Rob Nash currently serves as the Arnall-Mann-Thomasson Professor of Mission and World Religions and associate dean at the McAfee School of Theology of Mercer University and as senior pastor of Heritage Fellowship in Canton, Georgia. He also served for six years as the Global Mission Coordinator for the Cooperative Baptist Fellowship and is the former dean of the School of Religion and International Studies at Shorter College. Nash grew up in the Philippines, where his parents served as Baptist missionaries for more than 30 years. He has traveled extensively in some 90 countries, either during his childhood or as part of his work with CBF, Shorter College, and mission immersion experiences at McAfee. He is married to the former Guyeth Godwin, and they are parents to two adult children.
What were you hoping to achieve with your new book, Moving the Equator: The Families of the Earth and the Mission of the Church?
My hope is that the book offers followers of Jesus and congregations a biblically-grounded theology of mission that encourages them to be as open to receiving the blessings of other religions and cultures as they are to extending God’s blessings to those religions and cultures. I know my own Baptist tradition well enough to know that scripture is the foundation for our beliefs about God, church, and mission but I also know that our own interpretations often become trapped by cultural lenses through which we read scripture. My intention was to present a new reading of scripture and of culture that offered a path forward in an age of diversity and pluralism. How might we think differently about Christian mission in such a world?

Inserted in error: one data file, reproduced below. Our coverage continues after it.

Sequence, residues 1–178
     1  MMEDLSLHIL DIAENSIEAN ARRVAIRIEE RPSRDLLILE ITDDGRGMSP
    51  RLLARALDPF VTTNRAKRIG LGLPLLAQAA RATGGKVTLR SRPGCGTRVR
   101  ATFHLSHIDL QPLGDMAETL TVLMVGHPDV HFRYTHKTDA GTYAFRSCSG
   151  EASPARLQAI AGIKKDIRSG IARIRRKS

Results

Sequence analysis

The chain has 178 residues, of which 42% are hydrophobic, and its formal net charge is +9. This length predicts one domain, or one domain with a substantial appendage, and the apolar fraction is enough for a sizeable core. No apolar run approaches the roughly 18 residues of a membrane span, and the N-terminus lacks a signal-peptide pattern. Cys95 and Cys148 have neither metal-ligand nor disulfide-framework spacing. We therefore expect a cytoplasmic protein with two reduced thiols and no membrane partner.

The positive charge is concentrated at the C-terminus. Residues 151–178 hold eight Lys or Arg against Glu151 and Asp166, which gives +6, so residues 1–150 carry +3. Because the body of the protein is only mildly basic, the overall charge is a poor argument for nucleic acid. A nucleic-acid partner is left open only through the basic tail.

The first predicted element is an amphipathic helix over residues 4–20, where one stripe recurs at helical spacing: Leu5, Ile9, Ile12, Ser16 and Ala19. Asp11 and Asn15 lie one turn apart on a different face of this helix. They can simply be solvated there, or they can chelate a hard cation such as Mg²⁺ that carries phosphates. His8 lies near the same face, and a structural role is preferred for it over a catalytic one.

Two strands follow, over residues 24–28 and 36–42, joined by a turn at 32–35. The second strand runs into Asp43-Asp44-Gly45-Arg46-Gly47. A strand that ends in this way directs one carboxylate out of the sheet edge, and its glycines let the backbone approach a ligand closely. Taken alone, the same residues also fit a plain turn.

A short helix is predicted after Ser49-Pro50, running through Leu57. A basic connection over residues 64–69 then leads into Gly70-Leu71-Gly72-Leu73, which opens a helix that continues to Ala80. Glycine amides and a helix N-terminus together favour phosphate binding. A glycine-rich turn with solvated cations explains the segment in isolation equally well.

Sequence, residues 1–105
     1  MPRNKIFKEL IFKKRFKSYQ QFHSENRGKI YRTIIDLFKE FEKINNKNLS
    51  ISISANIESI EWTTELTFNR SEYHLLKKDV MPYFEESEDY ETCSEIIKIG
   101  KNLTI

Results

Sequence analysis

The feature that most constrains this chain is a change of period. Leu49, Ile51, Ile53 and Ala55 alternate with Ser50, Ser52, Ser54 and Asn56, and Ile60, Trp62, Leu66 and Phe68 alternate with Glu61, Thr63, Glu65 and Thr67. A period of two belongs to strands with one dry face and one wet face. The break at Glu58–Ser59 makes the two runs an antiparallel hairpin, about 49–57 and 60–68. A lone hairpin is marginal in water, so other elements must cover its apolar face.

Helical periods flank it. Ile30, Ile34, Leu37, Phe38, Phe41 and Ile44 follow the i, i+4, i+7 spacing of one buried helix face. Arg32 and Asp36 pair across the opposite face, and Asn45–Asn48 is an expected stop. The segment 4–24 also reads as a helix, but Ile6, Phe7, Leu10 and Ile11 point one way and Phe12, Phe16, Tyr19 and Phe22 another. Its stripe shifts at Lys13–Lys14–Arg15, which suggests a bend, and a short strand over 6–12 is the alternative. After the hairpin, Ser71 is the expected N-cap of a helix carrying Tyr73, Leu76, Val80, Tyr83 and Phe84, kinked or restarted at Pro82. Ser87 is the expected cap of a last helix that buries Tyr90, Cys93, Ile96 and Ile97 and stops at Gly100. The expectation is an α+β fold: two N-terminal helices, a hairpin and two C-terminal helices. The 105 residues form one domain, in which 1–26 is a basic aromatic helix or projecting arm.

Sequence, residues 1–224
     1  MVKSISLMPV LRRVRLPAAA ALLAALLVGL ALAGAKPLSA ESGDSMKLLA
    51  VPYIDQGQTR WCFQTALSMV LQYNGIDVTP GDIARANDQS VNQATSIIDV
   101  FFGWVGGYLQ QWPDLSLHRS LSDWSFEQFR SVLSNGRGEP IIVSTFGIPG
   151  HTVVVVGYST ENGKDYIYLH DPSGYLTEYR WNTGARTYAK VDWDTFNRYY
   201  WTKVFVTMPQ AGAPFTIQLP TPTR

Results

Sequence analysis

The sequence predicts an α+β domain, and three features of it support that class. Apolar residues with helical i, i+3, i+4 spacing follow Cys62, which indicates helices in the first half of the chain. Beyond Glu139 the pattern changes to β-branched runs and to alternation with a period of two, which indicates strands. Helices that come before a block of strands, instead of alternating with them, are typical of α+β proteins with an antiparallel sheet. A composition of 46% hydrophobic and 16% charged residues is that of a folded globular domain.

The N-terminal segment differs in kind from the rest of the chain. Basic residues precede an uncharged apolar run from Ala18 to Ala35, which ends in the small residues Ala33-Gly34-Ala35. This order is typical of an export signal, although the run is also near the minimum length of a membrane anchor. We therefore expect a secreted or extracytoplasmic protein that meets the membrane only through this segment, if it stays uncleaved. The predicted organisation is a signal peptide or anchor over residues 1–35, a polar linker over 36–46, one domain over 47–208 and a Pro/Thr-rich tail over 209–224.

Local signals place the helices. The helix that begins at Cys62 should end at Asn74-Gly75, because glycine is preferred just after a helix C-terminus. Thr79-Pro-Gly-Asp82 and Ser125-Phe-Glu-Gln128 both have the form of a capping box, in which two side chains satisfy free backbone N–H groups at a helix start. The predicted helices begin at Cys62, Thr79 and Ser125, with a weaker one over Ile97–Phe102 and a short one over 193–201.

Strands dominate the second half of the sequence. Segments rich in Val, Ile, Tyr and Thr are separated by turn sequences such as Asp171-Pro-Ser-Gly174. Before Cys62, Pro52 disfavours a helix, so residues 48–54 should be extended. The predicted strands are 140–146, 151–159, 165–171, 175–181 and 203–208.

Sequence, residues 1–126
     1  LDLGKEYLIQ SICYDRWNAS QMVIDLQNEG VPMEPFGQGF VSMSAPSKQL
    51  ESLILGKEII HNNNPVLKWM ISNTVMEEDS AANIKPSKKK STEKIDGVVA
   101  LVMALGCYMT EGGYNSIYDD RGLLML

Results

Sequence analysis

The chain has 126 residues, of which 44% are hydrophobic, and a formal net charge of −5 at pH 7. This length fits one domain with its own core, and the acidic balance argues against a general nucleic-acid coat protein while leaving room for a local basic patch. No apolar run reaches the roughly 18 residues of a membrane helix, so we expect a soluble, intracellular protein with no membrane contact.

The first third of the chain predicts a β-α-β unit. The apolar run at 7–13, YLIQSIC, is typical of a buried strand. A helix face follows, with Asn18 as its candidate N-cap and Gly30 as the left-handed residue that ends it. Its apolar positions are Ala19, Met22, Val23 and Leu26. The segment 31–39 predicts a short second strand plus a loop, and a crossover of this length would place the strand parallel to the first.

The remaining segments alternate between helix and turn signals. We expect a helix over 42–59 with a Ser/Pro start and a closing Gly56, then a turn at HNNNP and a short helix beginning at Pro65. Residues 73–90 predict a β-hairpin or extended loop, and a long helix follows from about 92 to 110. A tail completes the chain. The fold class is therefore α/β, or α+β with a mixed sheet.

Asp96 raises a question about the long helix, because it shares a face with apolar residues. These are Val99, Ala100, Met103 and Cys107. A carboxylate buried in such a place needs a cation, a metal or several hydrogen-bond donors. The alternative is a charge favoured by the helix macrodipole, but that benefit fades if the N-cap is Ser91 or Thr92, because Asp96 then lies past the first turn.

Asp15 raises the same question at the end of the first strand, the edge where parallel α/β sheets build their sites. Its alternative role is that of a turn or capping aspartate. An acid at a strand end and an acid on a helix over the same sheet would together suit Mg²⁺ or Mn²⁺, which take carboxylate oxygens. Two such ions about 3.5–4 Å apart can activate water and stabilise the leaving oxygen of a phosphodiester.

What do you feel is the most challenging aspect facing churches today?
Without doubt, it is our fear of otherness and difference. We simply do not possess a theology of mission that is adequate to a day of competing world views, religions and cultural perspectives. We do not know how to receive a blessing from someone who offers such blessing to us from within their own worldview and faith. We have been taught to “defend the faith” rather than to embrace those from other faiths with openness, curiosity, and a listening spirit. Without such embrace, we miss the divine blessing that others want to offer to us. In this way we diminish our own understanding of God even as we create walls that prevent others from receiving the blessing we want to give to them.